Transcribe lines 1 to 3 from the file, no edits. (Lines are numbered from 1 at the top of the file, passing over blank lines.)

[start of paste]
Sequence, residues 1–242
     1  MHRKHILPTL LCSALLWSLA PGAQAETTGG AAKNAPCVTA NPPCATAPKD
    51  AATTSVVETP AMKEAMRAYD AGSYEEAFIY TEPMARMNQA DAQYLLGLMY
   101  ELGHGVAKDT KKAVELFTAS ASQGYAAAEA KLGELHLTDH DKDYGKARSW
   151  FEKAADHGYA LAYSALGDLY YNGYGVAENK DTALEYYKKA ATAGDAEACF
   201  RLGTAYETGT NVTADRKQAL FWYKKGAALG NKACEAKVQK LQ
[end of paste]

Sequence, residues 1–242
     1  MHRKHILPTL LCSALLWSLA PGAQAETTGG AAKNAPCVTA NPPCATAPKD
    51  AATTSVVETP AMKEAMRAYD AGSYEEAFIY TEPMARMNQA DAQYLLGLMY